Today is the 150th birth anniversary of Rabindranath Tagore(1861-1941). In 1913 he received the Nobel Prize for literature, the first ever Asian to do so, for his Gitanjali or the Song Offerings – the English renderings done by the poet himself of his103 Bengali lyrics and songs. Today how many of us know what was the real significance of this event at that time? In my childhood when I first came to know about the poet, long after he was dead, I simply thought that the award of this prize made one famous. It also meant a lot of money like winning a lottery. When Tagore was born India was reeling under the yoke of foreign rule. In their arrogance the rulers treated the Indians as an inferior race. The winning of this prize by Tagore therefore signified, first and foremost, the recovery of our self-respect in the cultural field. He did it not for India alone but also for the whole continent of Asia, the major part of which was also under foreign rule. More than seventy years after the poet died in 1941, things have completely changed, India today has completely revolutionized. At long last she has found her rightful place in the assembly of nations. Various historical factors and forces have wrought this revolution, but among the host of exceptional individuals who gave constructive directions to those forces two great souls stand out as pre-eminent – Mahatma Gandhi and Tagore. Gandhi’s contribution has no parallel – none else has done as he did in making the history of India. None can mistake it because it is so obvious. But the contribution of Tagore is not so obvious – it is very subtle and deep. He is popularly known chiefly as a poet. But he was much more than that. He was a versatile genius.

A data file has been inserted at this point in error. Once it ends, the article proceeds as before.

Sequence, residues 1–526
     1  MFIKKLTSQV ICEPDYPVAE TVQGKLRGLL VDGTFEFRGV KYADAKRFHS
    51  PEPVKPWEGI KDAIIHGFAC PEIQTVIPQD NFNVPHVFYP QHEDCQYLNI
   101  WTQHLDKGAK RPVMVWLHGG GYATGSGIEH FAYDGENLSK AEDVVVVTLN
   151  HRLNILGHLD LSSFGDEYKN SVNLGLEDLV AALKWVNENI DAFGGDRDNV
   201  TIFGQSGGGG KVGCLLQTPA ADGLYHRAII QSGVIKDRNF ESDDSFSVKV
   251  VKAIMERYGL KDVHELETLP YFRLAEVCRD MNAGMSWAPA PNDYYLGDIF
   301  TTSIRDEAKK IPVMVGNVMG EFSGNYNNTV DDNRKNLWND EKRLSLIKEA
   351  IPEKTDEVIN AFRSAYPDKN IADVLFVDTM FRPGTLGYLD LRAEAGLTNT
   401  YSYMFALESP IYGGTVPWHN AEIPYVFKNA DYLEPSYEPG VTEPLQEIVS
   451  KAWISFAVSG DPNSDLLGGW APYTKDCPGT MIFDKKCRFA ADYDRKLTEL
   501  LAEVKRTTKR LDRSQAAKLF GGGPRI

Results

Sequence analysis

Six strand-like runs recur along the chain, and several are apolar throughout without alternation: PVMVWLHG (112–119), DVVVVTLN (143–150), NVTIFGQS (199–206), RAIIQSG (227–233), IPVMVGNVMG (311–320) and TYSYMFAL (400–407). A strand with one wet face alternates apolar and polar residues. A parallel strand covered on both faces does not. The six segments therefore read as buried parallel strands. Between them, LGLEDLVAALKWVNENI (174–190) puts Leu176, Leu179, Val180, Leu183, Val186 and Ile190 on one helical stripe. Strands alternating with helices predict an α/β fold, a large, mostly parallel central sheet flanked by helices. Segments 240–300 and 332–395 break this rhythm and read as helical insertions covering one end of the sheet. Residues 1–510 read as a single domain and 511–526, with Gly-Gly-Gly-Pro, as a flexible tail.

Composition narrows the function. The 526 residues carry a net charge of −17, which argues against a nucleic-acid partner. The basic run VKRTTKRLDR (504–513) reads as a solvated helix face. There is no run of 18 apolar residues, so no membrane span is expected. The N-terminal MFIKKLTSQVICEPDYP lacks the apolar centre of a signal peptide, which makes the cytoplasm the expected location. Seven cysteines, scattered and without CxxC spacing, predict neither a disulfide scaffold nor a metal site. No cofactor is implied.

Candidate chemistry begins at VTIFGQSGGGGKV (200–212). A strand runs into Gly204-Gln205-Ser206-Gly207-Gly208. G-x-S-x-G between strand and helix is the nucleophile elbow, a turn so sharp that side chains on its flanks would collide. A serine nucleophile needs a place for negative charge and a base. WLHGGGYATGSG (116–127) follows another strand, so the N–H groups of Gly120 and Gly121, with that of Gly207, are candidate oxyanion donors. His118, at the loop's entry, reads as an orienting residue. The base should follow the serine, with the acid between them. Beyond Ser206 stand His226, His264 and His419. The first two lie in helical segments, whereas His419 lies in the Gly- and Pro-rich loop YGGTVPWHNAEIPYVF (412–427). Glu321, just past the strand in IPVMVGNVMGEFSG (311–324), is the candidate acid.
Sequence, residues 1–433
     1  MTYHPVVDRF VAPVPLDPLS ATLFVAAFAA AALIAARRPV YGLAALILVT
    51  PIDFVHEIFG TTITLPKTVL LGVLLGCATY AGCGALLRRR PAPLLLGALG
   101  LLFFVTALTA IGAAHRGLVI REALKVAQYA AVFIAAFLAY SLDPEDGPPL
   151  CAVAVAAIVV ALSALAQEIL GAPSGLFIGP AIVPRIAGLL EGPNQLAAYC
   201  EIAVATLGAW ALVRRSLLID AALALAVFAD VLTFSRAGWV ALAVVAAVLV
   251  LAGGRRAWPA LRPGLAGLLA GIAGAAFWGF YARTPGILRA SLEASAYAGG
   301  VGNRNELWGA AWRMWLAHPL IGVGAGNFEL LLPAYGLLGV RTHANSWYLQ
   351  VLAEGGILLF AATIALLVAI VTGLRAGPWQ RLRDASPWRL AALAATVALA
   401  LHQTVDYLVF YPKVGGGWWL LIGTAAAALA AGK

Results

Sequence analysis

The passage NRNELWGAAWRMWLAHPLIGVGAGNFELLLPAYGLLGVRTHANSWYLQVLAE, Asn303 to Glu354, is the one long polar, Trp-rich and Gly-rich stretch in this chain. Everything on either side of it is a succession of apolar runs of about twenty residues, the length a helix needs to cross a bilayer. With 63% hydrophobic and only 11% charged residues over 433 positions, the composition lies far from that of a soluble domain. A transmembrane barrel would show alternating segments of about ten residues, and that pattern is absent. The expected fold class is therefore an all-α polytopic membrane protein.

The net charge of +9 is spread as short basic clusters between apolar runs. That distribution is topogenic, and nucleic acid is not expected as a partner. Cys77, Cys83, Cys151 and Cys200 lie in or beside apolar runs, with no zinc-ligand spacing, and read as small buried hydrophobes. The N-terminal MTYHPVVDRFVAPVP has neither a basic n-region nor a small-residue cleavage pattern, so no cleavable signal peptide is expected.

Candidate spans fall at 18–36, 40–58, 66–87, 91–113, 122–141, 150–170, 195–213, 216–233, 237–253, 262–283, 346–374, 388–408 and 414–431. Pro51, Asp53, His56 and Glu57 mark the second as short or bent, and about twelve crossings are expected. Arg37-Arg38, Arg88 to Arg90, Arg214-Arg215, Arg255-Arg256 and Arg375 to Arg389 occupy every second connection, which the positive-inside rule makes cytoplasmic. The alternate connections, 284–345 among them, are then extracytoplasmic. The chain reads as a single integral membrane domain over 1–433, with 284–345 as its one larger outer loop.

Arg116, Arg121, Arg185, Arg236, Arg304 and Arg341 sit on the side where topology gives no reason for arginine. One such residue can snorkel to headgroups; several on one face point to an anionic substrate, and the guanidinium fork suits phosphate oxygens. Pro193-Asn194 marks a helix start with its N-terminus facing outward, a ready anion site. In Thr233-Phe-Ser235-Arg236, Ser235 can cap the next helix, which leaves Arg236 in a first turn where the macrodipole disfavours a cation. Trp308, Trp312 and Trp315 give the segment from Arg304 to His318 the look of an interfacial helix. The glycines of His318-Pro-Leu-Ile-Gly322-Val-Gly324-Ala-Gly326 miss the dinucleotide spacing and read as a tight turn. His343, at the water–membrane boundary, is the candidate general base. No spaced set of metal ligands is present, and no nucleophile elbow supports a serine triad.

For about a decade now Boloji and Bolokids have been publishing Tagore’s writings in translation. Now to celebrate his 150th birth anniversary Boloji has introduced this blog page to explore the various aspects of his genius. All are cordially invited to join in this exploration.
Is Tagore outdated today?
At least that is what some young writers in Bengal thought and started a kind of movement during the closing decade of the poet’s life. Some of them were students and teachers of English literature who drew heavily on foreign sources not only by imitating but also by stealing from them without acknowledgement. The anguished reply of the ageing poet to these people, in the poem Agantuk written on 11th July, 1932 and included in the collection Parishesh, may serve as a reply to those who may similarly question the poet’s relevance not only in literature but also in other fields. But the correct reply to this cannot be found until and unless we explore him as closely as possible. In the meantime here is the poet’s reply in my translation.
I have come from a time that is far.
When I came to your time I found
Companions I have none
Along the way
At various disembarkation points
One by one
They must have got down.
Somewhere far behind
I also exhausted the morsels
I received as gifts from life -
Those small habitual comforts,
Things I needed to remain alive.
When I first set my feet on this life’s way
In my friendly exchanges with my fellow beings
Through what I said or meant
Through what I actually did
Or what I wanted to do
My right on that time became firmer each day.
In fun and merriment with others
It was enough to survive somehow –
By my mere presence in the pageant of life
To give some speed to the flow of life
To add to the crowd.
But today in your time
I find I am an alien
I am unknown.
In your speech
The nuances of our words
Have assumed new meanings.
The seasons have changed
In changing whirlwinds
The landscape has changed colours too
Small factious groups, elbowing each other
Tastes, hopes and expectations
All that give life its relish
Have themselves lost their taste.
By my presence
Whatever I gave to our times
However little be its value
Bringing men closer in a thread
It gave a shape to that age–
By your mundane measure
Today it doesn’t fit.
In my garden do not grow
The modish flowers that are needed
To welcome these passing times.
For the corner of your house now I occupy
I have nothing to pay as its rent.
So in a daring act of giving
I’ll have to give you something big.
It will not be something
To satisfy the demands of the present
And if you find
My gift is not to your taste
Leave it for your judgment at a later date.
Yet with what little I have
I want to repay my debt of this life
And leave you indebted.
May I give you to my last
Whatever I have
Beyond my profits and losses
Beyond my joys and sorrows
Whether I am abused or praised.
What are his ‘gifts’? Are they ‘big’? Do you feel in any way ‘indebted’ to the poet? Or has he really become an ‘alien’ to us? What do you think? Please let us know.